The magnificent small cities (or big towns) of Regensburg and Bamberg are unspoiled bookends to the tattered, bombed-out city of Nuremberg, though even the cities that were smashed in the allied vendetta are fabulously restored today. This part of Germany has an ancient, Italian influence. All of Germany has a more recent Italian influence in the form of pizza, spaghetti, and gelato. Perhaps Germany has taught Italy how to build a motorcar that works (note the rise of Fiat) while Italy has taught Germans something about food, but only the easy stuff. In fairness, the Germans can do things with mushrooms that are worthy of a closer look. But I digress wildly and may leave an unintended impression of entendre doubled.

Regensberg 798Regensburg (ominously pronounced “Reagan” as in Ronald) dates back to the days of Julius Caesar. The architecture has a decidedly Italian flavor. Most great buildings boast some form of tower, illustrative of the owner’s wealth; there are lots of balconies; the building colors are muted and tasteful (pre-Berlusconi Italy). A mural of David and Goliath (both fully clothed—colder climate than Florence, apparenly) is a bit cartoonish with the playful touch of Goliath resting an arm on a window cornice.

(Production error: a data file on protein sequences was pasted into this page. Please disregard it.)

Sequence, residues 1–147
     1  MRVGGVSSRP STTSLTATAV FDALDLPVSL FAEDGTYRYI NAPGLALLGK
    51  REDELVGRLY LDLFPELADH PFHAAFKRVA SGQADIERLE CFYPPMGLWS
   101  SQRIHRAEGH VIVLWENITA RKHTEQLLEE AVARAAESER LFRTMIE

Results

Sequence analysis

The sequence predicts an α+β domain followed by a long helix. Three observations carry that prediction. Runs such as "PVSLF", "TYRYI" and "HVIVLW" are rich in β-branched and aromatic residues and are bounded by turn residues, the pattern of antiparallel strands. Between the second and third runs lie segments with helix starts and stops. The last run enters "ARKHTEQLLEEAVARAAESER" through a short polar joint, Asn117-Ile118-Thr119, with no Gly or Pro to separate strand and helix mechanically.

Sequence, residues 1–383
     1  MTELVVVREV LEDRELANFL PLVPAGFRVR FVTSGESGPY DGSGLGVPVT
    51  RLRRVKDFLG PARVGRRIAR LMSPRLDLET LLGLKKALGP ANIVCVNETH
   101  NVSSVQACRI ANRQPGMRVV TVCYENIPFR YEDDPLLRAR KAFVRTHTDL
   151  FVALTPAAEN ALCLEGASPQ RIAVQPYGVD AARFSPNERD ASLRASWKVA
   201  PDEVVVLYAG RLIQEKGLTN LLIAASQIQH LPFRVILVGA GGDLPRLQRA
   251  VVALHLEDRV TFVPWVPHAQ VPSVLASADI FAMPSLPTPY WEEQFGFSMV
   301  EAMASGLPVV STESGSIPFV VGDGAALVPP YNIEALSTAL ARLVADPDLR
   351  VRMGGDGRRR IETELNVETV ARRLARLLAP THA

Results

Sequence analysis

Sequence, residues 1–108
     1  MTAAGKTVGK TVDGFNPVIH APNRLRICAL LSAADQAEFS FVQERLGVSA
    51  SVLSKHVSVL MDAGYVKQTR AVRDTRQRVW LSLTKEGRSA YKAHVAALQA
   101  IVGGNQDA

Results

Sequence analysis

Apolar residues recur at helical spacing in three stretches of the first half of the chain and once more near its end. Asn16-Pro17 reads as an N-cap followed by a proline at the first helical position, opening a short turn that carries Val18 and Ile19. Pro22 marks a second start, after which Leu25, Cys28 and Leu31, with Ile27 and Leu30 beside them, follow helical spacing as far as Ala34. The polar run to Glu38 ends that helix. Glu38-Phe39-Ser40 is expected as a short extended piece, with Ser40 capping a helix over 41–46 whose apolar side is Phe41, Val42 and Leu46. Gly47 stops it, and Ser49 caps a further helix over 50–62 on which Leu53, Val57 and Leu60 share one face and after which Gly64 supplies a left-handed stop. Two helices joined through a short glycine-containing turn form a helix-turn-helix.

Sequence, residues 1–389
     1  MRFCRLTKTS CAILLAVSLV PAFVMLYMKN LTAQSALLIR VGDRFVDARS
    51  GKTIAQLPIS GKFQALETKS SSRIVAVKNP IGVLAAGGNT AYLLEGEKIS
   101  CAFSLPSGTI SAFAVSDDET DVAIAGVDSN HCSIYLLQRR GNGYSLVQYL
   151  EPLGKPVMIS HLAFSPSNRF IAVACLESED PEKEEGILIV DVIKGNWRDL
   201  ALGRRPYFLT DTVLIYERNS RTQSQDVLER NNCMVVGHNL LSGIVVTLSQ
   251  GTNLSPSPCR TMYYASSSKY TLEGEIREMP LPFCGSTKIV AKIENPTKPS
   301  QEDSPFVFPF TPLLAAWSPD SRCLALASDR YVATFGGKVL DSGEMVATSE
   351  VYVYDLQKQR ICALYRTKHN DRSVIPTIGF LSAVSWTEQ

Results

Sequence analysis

This is the first city we visited that had serious flooding two months ago. The lingering effects are hard to spot. A stone bridge completed around 1300 was partially submerged in the floods, but it is undiminished.

Regensberg 963

Our Australian guide pointed out some brass “stumbling stones” set into the street, replacing cobbles of the same size and shape. Each contains the name of a person who lived at the adjacent address and was murdered by the Nazis. The name “stumbling” does not indicate some intention to trip and kill elderly tourists in some ill-conceived act of pointless revenge, but in the more figurative sense of “stumbling upon” as a perpetual reminder of injustice. These are found in many Bavarian towns and are being set by citizens even today. This well-intentioned paving is irreconcileable with the adage about “the road to hell.”

Beer service at the café where our busses intended to rendezvous was regrettably slow. Chisti and I were forced to chug 12 ounces in 45 seconds, which we are conditioned to do, but this will cost the otherwise perfect town a half star—a sad day in northern Bavaria.

Published by Sambandar

Hiker, bridge player, and amateur opinionist living in this wonderful American city for nearly 30 years. I maintain a silly blog when traveling.

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